Managers hold two assumptions about the nature of their employees. A Theory X manager views employees as irresponsible and lazy. These managers assume that people dislike work and will do what is possible to avoid it. They believe that employees must be coerced, threatened, or punished for them to achieve goals.

Theory Y managers hold the assumption that people are responsible and employees are generally ambitious about their work. They also believe that people have self-direction toward completing tasks and goals. Which manager would you prefer? I do not know about the rest of you, but I think that Theory Y manager is the better candidate.

Now for those of you who strive to be leaders in the work place, I commend you for your goal, but I will explain what functions a leader has and you can decide if this is for you or not. For those of you who already identify yourselves as leaders, you can decide what type of leader you are because I will discuss two types of leadership styles as well.

Leaders are individuals who facilitate a movement by a group of people toward a common goal. Leadership is a process of influence. It is important for you to remember that not all managers exercise leadership! I cannot stress that point enough. Leadership is about coping with change and establishing direction. Leaders know how to motivate people by inspiring them to overcome obstacles. In order for an organization to be effective, it needs to have strong leadership and management, but in America, there is under leading and over managing.  There are a lot of leaders that have no formal authority within the workplace and there is nothing wrong with that. You tend to see this type of leadership the most in the work place. In general, most leaders have common characteristics from others which are more ambition, energy, desire to lead, self-confidence, high intelligence, and are high self-motivators. If you fit these characteristics, then, you have the makings of a leader! If you do not have any formal authority at your job, that does not mean that you cannot be a leader. In fact, I would advise you to be a leader even if you are not the boss because we need more leaders.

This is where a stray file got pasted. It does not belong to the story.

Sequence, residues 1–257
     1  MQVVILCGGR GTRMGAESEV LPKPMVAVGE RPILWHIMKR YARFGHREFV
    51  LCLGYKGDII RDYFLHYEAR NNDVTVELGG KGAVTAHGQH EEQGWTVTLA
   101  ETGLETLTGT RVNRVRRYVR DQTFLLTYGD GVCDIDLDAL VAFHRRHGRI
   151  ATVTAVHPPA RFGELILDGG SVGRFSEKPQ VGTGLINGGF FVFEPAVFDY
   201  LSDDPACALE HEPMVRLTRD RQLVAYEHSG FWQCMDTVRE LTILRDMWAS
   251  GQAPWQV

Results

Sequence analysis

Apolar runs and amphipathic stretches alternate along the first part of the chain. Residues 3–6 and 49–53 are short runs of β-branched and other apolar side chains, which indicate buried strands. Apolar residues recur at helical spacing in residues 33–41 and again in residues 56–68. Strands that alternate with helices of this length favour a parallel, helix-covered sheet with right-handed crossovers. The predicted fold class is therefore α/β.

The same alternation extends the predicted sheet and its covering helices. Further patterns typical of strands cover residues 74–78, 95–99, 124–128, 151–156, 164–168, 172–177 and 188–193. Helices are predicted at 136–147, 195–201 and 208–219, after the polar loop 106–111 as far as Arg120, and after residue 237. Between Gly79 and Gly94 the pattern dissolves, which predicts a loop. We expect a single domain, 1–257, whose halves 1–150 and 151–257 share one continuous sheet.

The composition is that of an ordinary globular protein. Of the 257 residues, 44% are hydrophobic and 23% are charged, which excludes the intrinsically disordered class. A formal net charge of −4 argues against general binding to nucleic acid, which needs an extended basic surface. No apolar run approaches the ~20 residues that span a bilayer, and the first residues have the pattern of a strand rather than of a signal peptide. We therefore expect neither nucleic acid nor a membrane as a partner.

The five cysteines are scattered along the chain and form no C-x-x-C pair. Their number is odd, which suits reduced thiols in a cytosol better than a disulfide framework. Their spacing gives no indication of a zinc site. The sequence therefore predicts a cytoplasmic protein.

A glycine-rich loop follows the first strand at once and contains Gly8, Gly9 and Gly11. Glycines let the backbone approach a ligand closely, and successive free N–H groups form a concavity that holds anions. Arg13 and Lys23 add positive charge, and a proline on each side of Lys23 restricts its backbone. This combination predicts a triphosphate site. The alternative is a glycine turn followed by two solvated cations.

Now to be clear, I am not saying to overpower or undermine your boss or manager. All I am saying is to be a leader, if you want to be and let your manager do their duties, you must delegate.  In the U.S., most people are transactional leaders. These leaders base their interactions by straightforward exchanges between them and their followers. If their followers perform well, the leader will reward them. The main goal of this type of leader is to keep the behavior of their followers in line with the organization’s goals.

The other type of leader is the transformational leader which is the type of leader who uses vision to instill commitment in their followers.  This type of leader will make changes to an organization in order to change beliefs and attitudes of their followers. One type of leader is not better than the other. It all depends on the followers and the needs of those followers. If you are a follower, it is your personal needs that will drive you to decide which type of leader you will follow. Being a follower is not a bad thing at all because people who are leaders cannot lead if they have no followers. Leaders are not meant to be seen as individuals who can do it all, they need followers to help them carry through with their leadership. Everyone has a purpose and a part to play.

Now that you know the differences between a manager and a leader, you can decide which one you would prefer to be. Do you think it is better in the long run to be a manager or a leader? Do you think that one person can be both a manager and leader at the same time? Is your job or the one you are applying to being directed by a leader or a manager? Think about it. △